abstract = "Background: Australian Aboriginal and Torres Strait Islander (Indigenous) peoples face major health disadvantage across many conditions. Recording of patients' Indigenous status in general practice records supports equitable delivery of effective clinical services. National policy and accreditation standards mandate recording of Indigenous status in patient records, however for a large proportion of general practice patient records it remains incomplete. We assessed the completeness of Indigenous status in general practice patient records, and compared the patient self-reported Indigenous status to general practice medical records. Methods: A cross sectional analysis of Indigenous status recorded at 95 Australian general practices, participating in the Australian Chlamydia Control Effectiveness Pilot (ACCEPt) in 2011. Demographic data were collected from medical records and patient surveys from 16 to 29 year old patients at general practices, and population composition from the 2011 Australian census. General practitioners (GPs) at the same practices were also surveyed. Completeness of Indigenous status in general practice patient records was measured with a 75{\%} benchmark used in accreditation standards. Indigenous population composition from a patient self-reported survey was compared to Indigenous population composition in general practice records, and Australian census data. Results: Indigenous status was complete in 56{\%} (median 60{\%}, IQR 7-81{\%}) of general practice records for 109,970 patients aged 16-29 years, and Indigenous status was complete for 92.5{\%} of the 3355 patients aged 16-29 years who completed the survey at the same clinics. The median proportion per clinic of patients identified as Indigenous was 0.9{\%}, lower than the 1.8{\%} from the patient surveys and the 1.7{\%} in clinic postcodes (ABS). Correlations between the proportion of Indigenous people self-reporting in the patient survey (5.2{\%}) compared to status recorded in all patient records (2.1{\%}) showed a fair association (r = 0.6468; p < 0.01). After excluding unknown /missing data, correlations weakened. Conclusions: Incomplete Indigenous status records may under-estimate the true proportion of Indigenous people attending clinics but have higher association with self-reported status than estimates which exclude missing/unknown data. The reasons for incomplete Indigenous status recording in general practice should be explored so efforts to improve recording can be targeted and strengthened.",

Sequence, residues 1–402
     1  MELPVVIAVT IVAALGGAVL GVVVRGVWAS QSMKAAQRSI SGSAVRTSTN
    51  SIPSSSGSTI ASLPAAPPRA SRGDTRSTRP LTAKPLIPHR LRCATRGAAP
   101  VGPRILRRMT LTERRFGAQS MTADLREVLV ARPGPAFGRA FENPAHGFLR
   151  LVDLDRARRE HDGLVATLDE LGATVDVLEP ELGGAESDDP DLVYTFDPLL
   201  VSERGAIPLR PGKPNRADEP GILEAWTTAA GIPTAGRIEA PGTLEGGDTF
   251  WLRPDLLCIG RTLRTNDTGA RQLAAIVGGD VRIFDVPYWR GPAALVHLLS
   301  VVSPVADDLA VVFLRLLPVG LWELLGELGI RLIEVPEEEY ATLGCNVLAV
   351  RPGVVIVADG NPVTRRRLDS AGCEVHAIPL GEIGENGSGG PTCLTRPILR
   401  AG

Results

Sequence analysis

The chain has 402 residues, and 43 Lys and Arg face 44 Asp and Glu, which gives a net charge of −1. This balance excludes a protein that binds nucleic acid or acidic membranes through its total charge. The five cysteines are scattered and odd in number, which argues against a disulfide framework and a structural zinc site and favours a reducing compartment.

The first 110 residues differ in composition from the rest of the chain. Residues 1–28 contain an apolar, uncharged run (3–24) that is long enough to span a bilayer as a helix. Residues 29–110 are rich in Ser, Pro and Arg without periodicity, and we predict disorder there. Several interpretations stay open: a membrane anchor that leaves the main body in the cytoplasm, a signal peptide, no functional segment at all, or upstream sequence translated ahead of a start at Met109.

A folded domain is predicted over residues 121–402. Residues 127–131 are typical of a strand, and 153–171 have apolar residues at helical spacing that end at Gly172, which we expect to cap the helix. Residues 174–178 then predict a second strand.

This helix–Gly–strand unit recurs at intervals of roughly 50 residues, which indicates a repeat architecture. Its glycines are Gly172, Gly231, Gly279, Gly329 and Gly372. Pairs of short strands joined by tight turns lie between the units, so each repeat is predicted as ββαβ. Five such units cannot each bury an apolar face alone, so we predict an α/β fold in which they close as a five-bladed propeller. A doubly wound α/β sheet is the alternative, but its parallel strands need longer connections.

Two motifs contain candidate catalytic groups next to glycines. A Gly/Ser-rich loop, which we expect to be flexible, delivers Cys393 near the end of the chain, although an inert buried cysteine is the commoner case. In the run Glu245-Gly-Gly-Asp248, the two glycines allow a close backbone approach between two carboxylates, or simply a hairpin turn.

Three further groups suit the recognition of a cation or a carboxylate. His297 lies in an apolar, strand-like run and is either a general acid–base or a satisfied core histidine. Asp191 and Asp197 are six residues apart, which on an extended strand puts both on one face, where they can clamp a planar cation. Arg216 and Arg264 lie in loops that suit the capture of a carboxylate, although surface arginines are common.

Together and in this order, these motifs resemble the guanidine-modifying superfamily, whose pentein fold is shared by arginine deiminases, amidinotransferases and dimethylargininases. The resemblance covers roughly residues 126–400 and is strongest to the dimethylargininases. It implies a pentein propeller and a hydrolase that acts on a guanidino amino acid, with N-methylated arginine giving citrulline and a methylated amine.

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Incomplete recording of Indigenous identification status under-estimates the prevalence of Indigenous population attending Australian general practices : A cross sectional study. / Ford, Belinda K.; Kong, Marlene; Ward, James S.; Hocking, Jane S.; Fairley, Christopher K.; Donovan, Basil; Lorch, Rebecca; Spark, Simone; Law, Matthew; Kaldor, John; Guy, Rebecca.

In: BMC Health Services Research, Vol. 19, No. 1, 567, 14.08.2019.

Research output: Contribution to journalArticleResearchpeer-review

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T1 - Incomplete recording of Indigenous identification status under-estimates the prevalence of Indigenous population attending Australian general practices

T2 - A cross sectional study

AU - Ford, Belinda K.

AU - Kong, Marlene

AU - Ward, James S.

AU - Hocking, Jane S.

AU - Fairley, Christopher K.

AU - Donovan, Basil

AU - Lorch, Rebecca

AU - Spark, Simone

AU - Law, Matthew

AU - Kaldor, John

AU - Guy, Rebecca